It was one of those houses that had been dumped on the side of the street, meticulously equidistant from the houses on either side. It was one of those houses where the hot water never ran out in the winter and the air conditioner never broke down in the summer. The neighbours in the similarly-shaped houses shared gossip and borrowed cups of flour and pretended to like each other until the door closed and the lock clicked and their sincere thoughts came to light. It was a neighbourhood with the level of superficiality typically found in the suburbs.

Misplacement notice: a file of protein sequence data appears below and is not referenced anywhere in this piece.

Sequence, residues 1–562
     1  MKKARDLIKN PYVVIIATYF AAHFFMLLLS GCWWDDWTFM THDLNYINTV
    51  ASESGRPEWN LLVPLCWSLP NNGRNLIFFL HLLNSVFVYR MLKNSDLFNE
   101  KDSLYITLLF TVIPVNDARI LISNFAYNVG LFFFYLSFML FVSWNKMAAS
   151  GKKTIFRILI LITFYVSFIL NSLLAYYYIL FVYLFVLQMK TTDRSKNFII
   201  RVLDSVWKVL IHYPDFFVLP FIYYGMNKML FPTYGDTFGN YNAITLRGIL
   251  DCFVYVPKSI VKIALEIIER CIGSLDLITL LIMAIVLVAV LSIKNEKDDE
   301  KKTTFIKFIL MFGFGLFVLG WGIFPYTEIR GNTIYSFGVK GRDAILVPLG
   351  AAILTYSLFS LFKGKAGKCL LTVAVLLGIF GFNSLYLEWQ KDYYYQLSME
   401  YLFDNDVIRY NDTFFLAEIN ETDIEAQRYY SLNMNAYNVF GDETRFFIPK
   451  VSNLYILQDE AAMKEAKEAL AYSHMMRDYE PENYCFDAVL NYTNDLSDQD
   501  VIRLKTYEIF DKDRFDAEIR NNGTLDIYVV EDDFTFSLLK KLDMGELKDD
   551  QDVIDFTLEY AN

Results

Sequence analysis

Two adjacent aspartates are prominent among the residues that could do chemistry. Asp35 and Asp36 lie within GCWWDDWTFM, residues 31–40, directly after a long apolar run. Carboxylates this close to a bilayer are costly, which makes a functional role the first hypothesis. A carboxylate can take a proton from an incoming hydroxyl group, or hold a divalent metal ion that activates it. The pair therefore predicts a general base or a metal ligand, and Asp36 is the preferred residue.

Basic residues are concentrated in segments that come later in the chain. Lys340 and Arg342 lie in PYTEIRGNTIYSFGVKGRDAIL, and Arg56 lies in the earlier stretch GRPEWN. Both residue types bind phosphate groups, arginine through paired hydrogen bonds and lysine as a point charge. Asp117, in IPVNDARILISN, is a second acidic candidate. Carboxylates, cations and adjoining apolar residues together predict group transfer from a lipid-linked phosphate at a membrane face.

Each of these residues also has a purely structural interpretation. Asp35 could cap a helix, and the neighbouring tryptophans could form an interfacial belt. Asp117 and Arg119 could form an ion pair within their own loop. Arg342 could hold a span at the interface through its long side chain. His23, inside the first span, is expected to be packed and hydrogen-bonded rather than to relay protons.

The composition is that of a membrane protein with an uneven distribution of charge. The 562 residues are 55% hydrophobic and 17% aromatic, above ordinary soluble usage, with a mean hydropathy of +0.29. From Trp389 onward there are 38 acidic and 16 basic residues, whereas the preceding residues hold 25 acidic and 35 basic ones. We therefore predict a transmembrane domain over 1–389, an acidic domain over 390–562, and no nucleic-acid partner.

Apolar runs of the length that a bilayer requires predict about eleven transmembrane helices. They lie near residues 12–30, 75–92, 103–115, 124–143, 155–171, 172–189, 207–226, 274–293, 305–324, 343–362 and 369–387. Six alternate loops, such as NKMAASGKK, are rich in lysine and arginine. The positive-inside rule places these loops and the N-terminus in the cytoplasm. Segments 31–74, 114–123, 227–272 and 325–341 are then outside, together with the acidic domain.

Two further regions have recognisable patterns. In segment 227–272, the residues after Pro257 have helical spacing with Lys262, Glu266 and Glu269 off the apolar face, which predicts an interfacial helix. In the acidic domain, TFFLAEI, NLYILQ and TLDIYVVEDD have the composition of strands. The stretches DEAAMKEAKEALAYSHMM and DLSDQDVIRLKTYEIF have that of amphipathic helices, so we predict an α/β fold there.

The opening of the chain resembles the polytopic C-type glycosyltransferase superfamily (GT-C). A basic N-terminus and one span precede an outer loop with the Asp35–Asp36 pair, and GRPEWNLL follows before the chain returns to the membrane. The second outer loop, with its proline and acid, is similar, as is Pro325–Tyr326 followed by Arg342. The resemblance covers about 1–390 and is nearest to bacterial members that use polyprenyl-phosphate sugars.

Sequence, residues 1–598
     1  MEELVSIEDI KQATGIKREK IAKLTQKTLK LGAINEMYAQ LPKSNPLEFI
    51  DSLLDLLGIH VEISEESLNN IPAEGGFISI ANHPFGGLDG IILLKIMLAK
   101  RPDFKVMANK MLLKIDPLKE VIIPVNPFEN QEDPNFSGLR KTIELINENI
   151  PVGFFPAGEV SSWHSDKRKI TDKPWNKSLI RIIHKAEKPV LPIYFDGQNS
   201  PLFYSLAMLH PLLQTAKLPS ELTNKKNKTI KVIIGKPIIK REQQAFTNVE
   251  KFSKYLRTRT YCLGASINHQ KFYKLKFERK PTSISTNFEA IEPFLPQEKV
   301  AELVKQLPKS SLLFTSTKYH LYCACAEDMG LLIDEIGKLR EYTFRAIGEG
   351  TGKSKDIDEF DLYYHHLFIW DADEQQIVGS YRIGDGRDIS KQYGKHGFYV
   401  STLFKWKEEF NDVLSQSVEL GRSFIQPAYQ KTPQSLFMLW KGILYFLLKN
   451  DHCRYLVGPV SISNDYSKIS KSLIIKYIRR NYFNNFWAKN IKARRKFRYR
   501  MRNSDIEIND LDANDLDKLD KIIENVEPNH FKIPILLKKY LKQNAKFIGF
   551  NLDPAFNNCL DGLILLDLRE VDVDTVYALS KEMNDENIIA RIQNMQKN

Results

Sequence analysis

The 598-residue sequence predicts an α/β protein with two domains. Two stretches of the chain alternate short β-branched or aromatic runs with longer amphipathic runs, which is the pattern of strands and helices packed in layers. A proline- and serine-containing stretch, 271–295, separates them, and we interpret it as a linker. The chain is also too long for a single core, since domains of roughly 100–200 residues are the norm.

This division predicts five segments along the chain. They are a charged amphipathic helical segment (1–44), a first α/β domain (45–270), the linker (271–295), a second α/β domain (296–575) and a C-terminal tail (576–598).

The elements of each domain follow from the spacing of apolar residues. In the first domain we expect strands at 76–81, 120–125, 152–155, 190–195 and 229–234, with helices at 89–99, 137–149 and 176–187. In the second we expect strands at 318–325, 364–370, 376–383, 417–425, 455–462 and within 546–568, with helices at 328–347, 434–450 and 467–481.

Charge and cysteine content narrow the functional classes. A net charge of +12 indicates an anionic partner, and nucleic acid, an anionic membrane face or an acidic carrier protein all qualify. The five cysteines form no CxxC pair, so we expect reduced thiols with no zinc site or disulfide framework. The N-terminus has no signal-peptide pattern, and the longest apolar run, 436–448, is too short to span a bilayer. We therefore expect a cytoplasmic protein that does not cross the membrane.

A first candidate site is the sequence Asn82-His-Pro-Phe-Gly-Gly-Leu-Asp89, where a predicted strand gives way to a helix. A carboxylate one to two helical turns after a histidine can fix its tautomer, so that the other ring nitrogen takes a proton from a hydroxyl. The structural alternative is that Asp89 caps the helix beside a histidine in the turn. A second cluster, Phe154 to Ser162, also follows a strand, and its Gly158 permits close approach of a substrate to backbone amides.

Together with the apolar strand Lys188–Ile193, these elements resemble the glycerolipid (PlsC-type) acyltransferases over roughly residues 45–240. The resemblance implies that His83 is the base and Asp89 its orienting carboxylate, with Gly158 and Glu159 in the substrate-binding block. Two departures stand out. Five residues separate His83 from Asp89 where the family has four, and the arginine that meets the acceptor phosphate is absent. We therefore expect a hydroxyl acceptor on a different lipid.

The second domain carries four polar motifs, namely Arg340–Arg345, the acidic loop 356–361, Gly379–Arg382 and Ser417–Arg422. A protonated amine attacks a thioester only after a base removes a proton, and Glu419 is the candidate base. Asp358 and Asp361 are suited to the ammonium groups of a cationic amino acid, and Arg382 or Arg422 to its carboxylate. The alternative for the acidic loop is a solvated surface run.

One of my Grandfather’s greatest pleasures and talents was his green thumb, which, because he was so tanned, I’d jokingly refer to as his “Italian Brown Thumb.” In the mid-seventies, when he came to live with us in Roxborough, my father and uncles made a small garden patch for him at the side of the house, and every inch yielded vegetables, plants, and flowers – there wasn’t a seed which wouldn’t grow for him. Grandpop’s favorites included the Italian herbs, oregano, parsley, basil, and rosemary. His summer harvest yielded far more than we and our neighbors needed, so he decided to dry the herbs and bottle them for use during winter months. He’d methodically cut the herbs, wash them gently, and then string each leaf with needle and thread in a long strand, hanging them on the clothesline, rigged up from our garage door to the end of our driveway. The herbs which dried best were oregano and basil.